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Old 02-19-2010, 01:41 PM   #46
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I think he was a sad man at the end of his rope. Probably watched too much tv.
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Old 02-19-2010, 02:28 PM   #47
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So he's a tea party martyr? I would like to read exactly what Scott Brown said, but perhaps he should have said nothing. But I guess his opinion on everything now is so relevant. I want to know if he thinks Plushenko was robbed, maybe I'll call his office.
The link to the Fox News video to Brown's comments is in the first page of this thread.

Looking back, I'm still glad Brown said that the guy had understandable reasons, but it's kind of slimy the way he tried to incorporate that into his campaign. Very egotistical.
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Old 02-19-2010, 02:50 PM   #48
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People who don't understand what he said are saying he was justified? I still don't understand how that's happening.
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Old 02-19-2010, 02:54 PM   #49
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People who don't understand what he said are saying he was justified? I still don't understand how that's happening.
1. Lots of taxes.
2. Plane into building.
3. Spin story to fit your needs
3a. It's really Obama's fault
3b. It's really W's fault
3bI. It may be W's fault - but it's also Obama's fault, but we're gonna fix that in November.

K?
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Old 02-19-2010, 03:41 PM   #50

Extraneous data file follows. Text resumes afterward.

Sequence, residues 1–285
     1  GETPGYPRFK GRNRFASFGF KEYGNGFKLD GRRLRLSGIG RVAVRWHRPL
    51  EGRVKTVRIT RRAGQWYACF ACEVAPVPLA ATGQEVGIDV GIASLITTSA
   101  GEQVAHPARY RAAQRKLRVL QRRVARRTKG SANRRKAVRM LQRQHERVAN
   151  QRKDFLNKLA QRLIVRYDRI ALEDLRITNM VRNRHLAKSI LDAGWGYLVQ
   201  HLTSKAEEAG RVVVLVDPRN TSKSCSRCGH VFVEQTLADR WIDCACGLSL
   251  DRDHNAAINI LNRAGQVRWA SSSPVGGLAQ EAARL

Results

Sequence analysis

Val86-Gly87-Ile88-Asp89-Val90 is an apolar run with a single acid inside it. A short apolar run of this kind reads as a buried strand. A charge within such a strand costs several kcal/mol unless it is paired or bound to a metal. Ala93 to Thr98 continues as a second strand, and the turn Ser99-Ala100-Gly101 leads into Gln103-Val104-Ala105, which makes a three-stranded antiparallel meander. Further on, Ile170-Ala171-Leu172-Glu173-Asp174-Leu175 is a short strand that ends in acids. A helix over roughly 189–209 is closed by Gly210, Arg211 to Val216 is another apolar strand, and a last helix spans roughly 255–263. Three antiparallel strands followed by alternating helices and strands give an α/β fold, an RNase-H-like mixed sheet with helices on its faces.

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I think he was a sad man at the end of his rope. Probably watched too much tv.
On that note, I'm reminded of that opening scene in one of my very favorite X-Files episodes, the Season 3 finale "Talitha Cumi". A stressed out man who has lost his job goes into a fastfoot restaurant and threatens to shoot people and does. The end credits even call him "Stress Man", if I remember correctly. When I was a teen, I didn't understand what was happening at all; I couldn't relate to what this guy was feeling or how he got to that place. Maybe it's experience or understanding the world and my own feelings and of what I'm capable better, but I understand now.

It's one of many scenes of insight into humanity that this wonderful show provided. I think that's lost among all those who praise whatever junk J.J. Abrams does and pronounce it better than The X-Files.
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Old 02-19-2010, 03:44 PM   #51
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Everything I ever needed to know, I learned from The X-Files.

I think you've got a book lurking somewhere in that idea.
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Old 02-19-2010, 03:56 PM   #52